Millions of Time Warner Cable customers were left in the dark on Friday when contract negotiations between CBS and the cable operator failed to come to an agreement. As day two of the shut-out comes to a close, more than 3.5 million Time Warner Cable customers in New York City, Los Angeles and Dallas are feeling the effects. Viewer favorites like "The Big Bang Theory", "NCIS" and the Showtime network are all currently unavailable in these areas.
An industry practice known as "re-transmission fees" appears to be the main point of contention between the cable operator and CBS network. It is increasingly common for cable networks to require operators to pay a per-viewer fee to transmit programs to customers.
In past contracts, the two companies agreed on a $1 a month per subscriber fee. However, CBS now wants Time Warner to pay $2 per subscriber, most likely due to its current status as the No. 1-rated broadcast network in the U.S. However, CBS also has significantly more content than its lower fee counterparts.
According to Maureen Huff, a spokesperson for Time Warner Cable, a 1-year contract extension was on the table before the blackout occurred. However, Huff also told Reuters that CBS "refused to have a productive discussion." According to a representative for CBS, the operator "conducted negotiations in a combative and non-productive spirit."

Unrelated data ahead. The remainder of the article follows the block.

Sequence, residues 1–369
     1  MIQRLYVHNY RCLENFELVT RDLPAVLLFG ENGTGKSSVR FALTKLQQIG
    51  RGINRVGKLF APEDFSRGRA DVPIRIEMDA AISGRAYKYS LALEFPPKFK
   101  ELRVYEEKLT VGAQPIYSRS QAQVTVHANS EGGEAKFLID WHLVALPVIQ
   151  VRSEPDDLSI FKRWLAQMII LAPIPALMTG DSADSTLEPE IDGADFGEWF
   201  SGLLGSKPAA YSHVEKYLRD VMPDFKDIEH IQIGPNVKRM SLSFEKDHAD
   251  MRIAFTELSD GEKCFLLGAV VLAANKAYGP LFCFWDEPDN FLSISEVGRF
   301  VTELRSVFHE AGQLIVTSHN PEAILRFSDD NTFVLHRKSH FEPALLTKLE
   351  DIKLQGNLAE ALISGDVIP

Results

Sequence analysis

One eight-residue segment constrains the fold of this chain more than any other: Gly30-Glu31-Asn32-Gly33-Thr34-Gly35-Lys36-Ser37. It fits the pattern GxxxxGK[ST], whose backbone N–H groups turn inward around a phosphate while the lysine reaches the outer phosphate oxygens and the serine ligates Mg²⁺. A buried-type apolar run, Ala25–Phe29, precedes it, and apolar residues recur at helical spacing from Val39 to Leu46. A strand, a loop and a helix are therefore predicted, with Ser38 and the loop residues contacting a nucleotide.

If this battle of the cable titans seems familiar, it should. A similar scenario played out last summer when DirectTV and Viacom took 10 days to reach an agreement, leaving 20 million viewers without access to networks like MTV and Nickelodeon, as well as others.
Likewise, back in 2010, Cablevision and Fox had their own battle for 15 days -- causing more than 3 million people to miss out on much of the World Series.
With Time Warner Cable and CBS in staunch disagreement over contract fees it could be another cruel summer for cable viewers across the U.S.